The Orb's Adventures Beyond the Ultraworld is a seminal 1991 ambient house concept album by the electronic music collective The Orb. The album's framework is of a two-hour psychedelic trip though music genres and studio electronics, pushing the threshold of live stage performance. The double album is a continuous progressive composition consisting of several tracks advancing the travel concept and composed of vocal samples and sound effects interspersed with original music.
The lining notes indicate tracks numbering: "earth orbit one", "earth orbit two", "earth orbit three", etc.
"We'd build melodies up by overdubbing and mixing multiple tracks and then take an eight track (or was it a twelve track?) into Heaven, just linking it up to three decks ([turntables]), loads of CD players, loads of cassettes... we used to keep it very, very quiet. We never used to play any drums in there. It'd be, just like, you know, BBC sound effects, really... four or five hours playing really early dub reggae... For All Mankind [a documentary of NASA's Apollo missions, with a soundtrack by Brian Eno]. We had white screens so we could put up visuals as well. We had home movies of ducks in the park. We'd go for everything. It was all layering on top of each other.
Following success in the singles market (including the 1988 "Tripping on Sunshine", 1989 "Kiss EP" and 1989 "Huge, evergrowing brain that rules from the center of the Universe"), Paterson and Cauty started work on their first album. Cauty left in 1990 to pursue another band, The KLF, with Bill Drummond,. Paterson moved on to his next collaboration "Little Fluffy Clouds" in Autumn 1990 with Killing Joke's Youth. The track was recorded by an 18 year old studio Engineer and future Orb collaborator Kris "Thrash" Weston.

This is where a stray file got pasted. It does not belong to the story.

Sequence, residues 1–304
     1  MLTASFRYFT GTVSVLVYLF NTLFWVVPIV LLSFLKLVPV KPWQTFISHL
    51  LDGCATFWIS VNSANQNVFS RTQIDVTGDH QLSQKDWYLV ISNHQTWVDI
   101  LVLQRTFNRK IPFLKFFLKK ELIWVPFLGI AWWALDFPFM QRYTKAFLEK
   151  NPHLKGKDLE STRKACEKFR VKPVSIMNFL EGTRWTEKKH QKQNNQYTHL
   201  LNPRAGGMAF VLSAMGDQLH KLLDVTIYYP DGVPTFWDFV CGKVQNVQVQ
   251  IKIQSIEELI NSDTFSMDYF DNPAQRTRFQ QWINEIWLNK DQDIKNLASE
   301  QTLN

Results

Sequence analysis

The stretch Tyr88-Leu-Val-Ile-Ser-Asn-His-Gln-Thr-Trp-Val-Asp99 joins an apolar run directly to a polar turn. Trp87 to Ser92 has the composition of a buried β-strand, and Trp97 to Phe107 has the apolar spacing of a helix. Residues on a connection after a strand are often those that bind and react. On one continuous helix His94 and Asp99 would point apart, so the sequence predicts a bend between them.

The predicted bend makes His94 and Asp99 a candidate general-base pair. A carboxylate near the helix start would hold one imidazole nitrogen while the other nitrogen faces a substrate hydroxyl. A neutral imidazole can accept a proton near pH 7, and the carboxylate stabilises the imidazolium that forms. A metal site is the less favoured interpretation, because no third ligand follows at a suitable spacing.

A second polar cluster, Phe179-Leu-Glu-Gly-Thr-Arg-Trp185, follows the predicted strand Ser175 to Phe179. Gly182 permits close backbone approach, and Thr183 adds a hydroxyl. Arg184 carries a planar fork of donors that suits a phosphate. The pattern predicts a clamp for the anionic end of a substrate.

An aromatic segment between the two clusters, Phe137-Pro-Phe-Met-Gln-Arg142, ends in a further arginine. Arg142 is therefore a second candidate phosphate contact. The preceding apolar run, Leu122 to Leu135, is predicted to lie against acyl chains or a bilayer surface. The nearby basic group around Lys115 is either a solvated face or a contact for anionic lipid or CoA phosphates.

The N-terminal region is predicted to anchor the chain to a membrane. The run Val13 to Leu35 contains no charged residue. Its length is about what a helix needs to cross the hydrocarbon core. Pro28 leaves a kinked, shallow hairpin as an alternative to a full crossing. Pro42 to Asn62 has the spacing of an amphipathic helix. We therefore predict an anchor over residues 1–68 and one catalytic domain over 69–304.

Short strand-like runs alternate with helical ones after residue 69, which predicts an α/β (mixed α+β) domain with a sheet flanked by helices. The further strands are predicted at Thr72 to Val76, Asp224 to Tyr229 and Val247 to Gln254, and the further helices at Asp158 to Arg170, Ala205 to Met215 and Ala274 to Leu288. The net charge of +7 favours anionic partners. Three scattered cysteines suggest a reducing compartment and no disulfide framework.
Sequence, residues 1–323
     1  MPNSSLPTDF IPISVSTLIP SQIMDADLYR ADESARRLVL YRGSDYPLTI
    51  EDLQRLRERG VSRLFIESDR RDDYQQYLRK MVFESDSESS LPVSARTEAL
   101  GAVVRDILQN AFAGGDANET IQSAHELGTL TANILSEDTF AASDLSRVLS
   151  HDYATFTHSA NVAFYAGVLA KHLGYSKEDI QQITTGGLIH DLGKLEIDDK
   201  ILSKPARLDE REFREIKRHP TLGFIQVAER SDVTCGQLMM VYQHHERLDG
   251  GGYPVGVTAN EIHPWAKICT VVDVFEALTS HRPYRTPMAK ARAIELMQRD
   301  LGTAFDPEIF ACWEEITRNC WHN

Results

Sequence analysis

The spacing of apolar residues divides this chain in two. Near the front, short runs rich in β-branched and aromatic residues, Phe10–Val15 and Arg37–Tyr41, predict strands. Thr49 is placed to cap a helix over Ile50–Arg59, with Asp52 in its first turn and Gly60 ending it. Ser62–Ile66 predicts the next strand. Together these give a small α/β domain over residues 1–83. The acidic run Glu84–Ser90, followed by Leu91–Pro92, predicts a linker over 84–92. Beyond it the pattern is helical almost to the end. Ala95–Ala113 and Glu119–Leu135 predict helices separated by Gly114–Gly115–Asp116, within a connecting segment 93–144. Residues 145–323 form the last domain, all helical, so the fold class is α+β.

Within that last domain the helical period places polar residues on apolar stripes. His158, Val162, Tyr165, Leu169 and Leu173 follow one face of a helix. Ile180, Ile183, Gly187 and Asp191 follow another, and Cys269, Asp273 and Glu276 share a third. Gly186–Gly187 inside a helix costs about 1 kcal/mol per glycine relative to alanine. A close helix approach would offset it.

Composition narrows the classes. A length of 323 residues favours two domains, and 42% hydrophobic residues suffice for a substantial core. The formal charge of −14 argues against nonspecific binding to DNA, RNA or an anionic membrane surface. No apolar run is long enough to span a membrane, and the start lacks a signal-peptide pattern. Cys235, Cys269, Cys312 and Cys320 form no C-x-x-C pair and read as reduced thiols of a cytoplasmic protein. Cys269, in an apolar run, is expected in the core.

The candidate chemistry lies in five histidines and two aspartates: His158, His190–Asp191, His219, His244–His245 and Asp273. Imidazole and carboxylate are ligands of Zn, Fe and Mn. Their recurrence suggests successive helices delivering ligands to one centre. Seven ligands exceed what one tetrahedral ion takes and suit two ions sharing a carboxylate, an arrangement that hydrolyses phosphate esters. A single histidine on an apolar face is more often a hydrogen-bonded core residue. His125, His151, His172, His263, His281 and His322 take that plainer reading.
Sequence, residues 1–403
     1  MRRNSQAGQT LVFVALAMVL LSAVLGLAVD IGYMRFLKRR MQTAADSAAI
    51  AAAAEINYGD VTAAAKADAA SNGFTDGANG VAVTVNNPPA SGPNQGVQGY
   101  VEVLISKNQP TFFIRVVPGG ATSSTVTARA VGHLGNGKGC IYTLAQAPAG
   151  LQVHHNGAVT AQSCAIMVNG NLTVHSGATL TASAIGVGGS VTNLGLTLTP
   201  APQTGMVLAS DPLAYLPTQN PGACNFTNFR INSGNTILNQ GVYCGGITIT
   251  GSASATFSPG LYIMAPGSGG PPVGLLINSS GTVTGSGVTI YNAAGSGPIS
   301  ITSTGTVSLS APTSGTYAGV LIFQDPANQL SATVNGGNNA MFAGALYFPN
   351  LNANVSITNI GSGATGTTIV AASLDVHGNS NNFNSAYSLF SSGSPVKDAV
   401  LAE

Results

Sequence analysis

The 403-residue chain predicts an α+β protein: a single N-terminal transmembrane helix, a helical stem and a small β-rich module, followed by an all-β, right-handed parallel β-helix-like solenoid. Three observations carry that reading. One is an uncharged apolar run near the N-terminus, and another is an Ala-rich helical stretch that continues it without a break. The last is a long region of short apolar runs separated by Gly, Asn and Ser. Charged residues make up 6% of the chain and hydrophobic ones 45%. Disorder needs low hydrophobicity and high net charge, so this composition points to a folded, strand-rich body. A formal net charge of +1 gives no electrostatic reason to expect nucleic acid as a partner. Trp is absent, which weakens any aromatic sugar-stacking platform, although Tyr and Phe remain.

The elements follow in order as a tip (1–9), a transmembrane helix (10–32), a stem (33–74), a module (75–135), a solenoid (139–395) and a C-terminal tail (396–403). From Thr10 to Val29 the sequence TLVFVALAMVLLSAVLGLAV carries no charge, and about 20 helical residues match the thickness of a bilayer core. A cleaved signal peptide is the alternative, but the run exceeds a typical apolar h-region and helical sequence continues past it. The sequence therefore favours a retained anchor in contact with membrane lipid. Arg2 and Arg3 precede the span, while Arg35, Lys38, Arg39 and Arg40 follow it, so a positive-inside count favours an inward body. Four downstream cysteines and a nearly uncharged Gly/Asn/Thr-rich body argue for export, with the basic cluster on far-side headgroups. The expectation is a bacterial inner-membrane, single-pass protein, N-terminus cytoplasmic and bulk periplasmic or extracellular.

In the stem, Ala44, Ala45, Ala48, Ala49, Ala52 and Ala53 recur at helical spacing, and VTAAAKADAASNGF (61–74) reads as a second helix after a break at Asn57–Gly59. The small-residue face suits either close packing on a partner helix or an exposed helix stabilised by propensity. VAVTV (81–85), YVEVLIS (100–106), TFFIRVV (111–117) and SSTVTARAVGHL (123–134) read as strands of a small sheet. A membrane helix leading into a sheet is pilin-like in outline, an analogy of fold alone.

Finally in April 1991, the Orb released their first album The Orb's Adventures Beyond the Ultraworld onto an audience prepared by their groundbreaking singles and several John Peel radio sessions. The album was received in the UK and Europe with critical acclaim. The album rose to position #29 in the UK Album charts. By mid-91, the Orb had signed a deal to release the album in the U.S. but were forced to edit the double-disc 109:41 minute UK release down to a one disc 70:41 minutes. The full double-disc version was later released in the U.S. by Island. As of April 25 2006, only the original 70:41 minute US release is available for purchase in Apple's iTunes Music Store.
1991 was a pivotal year for Electronic music. The KLF released The White Room, Massive Attack released Blue Lines, My Bloody Valentine released Loveless, Primal Scream released Screamadelica. and The Orb released Adventures Beyond the Ultraworld. Cauty and Drummond's KLF, especially their releases The White Room and Chill Out directly relate to the Orb's Ultraworld, not only in its historical context but also musically. Paterson not only worked in Eno's EG Records but also inherited some of Eno's playful tones and ambient textures.